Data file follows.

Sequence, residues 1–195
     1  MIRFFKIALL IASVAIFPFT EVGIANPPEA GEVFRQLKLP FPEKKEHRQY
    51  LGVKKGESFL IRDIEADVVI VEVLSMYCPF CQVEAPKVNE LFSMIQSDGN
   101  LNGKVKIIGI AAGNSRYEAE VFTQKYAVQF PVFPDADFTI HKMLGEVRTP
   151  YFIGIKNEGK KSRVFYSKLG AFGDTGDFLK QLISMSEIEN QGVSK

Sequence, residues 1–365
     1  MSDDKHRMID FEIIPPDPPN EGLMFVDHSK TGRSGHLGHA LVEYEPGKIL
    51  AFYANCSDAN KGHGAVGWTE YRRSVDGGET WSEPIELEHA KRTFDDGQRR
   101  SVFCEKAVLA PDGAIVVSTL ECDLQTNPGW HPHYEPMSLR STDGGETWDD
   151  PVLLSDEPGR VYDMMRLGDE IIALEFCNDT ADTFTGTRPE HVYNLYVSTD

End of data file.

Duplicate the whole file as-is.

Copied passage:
Sequence, residues 1–195
     1  MIRFFKIALL IASVAIFPFT EVGIANPPEA GEVFRQLKLP FPEKKEHRQY
    51  LGVKKGESFL IRDIEADVVI VEVLSMYCPF CQVEAPKVNE LFSMIQSDGN
   101  LNGKVKIIGI AAGNSRYEAE VFTQKYAVQF PVFPDADFTI HKMLGEVRTP
   151  YFIGIKNEGK KSRVFYSKLG AFGDTGDFLK QLISMSEIEN QGVSK

Sequence, residues 1–365
     1  MSDDKHRMID FEIIPPDPPN EGLMFVDHSK TGRSGHLGHA LVEYEPGKIL
    51  AFYANCSDAN KGHGAVGWTE YRRSVDGGET WSEPIELEHA KRTFDDGQRR
   101  SVFCEKAVLA PDGAIVVSTL ECDLQTNPGW HPHYEPMSLR STDGGETWDD
   151  PVLLSDEPGR VYDMMRLGDE IIALEFCNDT ADTFTGTRPE HVYNLYVSTD